The talk circuit has started up again in Manhattan, and the good news is that, unusually, Australia featured prominently in a recent lecture in the august timbered halls of the Harvard Club. The bad news is that it was South Australia in the spotlight, cited for its statewide blackouts, frequent outages and skyhigh prices as a warning of the folly of relying on renewable power.
Energy specialist Robert Bryce, senior fellow at the conservative Manhattan Institute, and a recent visitor to Oz, said SA’s energy failures had put electricity issues on the front page of Australian newspapers. He was warning his audience that building renewable facilities wont necessarily substitute for fossil fuel power, because ‘sometimes the wind don’t blow and the sun don’t shine’.
The context here is that, in a government-led charge into green power, New York State announced in January the early closure of Indian Point, the nuclear plant on the Hudson River that supplies 25 per cent of New York City’s power. Old power stations are being closed before alternatives are up and running, and amid an immense public backlash that threatens to delay and possibly block wind power projects.
Earlier, I had asked my lunch companion, an academic economist turned businessman, how he thought the Trump administration had started. ‘Terrific!’ he said heartily. I must have looked surprised, as he added: ‘as long as you don’t listen to the media noise’. He began expanding on the stock market boom and the welcome dismantling of deregulation, but then the speaker started.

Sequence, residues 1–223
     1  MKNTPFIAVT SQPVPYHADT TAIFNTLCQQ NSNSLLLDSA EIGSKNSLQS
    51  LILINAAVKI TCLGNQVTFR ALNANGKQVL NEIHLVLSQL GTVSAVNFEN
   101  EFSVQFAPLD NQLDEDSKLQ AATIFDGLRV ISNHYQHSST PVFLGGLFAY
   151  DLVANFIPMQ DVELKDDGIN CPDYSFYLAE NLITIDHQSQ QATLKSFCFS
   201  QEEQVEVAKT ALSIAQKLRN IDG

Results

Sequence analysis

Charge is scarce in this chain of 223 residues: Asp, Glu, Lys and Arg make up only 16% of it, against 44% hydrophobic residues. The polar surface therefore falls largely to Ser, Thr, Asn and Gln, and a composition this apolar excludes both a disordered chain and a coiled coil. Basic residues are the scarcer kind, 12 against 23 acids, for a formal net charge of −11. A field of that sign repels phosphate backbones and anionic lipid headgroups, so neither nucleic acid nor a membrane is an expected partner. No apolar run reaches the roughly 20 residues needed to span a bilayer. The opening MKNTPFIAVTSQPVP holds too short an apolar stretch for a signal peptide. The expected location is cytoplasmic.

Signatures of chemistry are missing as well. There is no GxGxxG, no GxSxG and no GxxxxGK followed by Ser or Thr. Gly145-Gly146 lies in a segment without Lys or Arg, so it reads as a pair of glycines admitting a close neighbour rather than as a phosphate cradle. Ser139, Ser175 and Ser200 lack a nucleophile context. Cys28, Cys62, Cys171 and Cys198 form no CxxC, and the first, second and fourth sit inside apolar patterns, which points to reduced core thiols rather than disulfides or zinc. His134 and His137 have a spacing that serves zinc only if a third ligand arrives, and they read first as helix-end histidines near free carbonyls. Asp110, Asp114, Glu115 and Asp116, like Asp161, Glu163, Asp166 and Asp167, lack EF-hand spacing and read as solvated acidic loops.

Actually I had been startled – it is rare in Democrat-dominated NYC for people to declare themselves so strongly for Trump. Depending on the conversational circle you enter here, you may be able to talk about the good and the bad in the Trump regime – or else, and more commonly, you may only be able to mention the bad in any sentence that also includes the word Trump. Even a comedian at the storied Comic Strip Live Club this weekend was urging everyone to calm down: ‘Trump will get bored soon,’ he said. ‘Then he’ll go and find a younger, hotter country to f— over.’
A Moroccan taxi driver started grumbling about Trump’s Muslim ban as soon as I jumped into his Yellow Cab a couple of weeks ago. He said ‘everyone’ was hating Trump and talking about it. I said people were scared by terrorism. He rejected that: ‘Terrorism is everywhere, you won’t stop it,’ he said dismissively. I said Trump was doing what half the country voted for. He said they’re racist. I said: ‘Half the country, racist?’ ‘They’re racist,’ he maintained. And then we got to talking about sleeping tips for his baby, who was driving him and his wife crazy at night. Later, I reflected that in many Middle Eastern countries, terrorism has been part of the fabric of life ever since the Sunni-Shia split following the prophet Mohammed’s death. The idea that you can have a society without terrorism must seem ridiculous to them; it’s just normal, everyday life. So they find other reasons for our fear of terrorism, namely, racism.